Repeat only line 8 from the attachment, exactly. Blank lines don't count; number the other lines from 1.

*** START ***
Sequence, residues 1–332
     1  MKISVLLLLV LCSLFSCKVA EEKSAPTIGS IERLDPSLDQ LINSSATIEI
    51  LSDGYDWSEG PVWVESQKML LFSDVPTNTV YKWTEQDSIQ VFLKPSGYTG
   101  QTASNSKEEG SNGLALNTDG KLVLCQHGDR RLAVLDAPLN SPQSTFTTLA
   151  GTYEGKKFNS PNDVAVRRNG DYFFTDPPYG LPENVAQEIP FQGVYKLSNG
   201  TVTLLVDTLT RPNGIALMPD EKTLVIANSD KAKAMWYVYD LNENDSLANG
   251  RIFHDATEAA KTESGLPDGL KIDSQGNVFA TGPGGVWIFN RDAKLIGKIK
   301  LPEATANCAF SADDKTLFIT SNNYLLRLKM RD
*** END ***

   301  LPEATANCAF SADDKTLFIT SNNYLLRLKM RD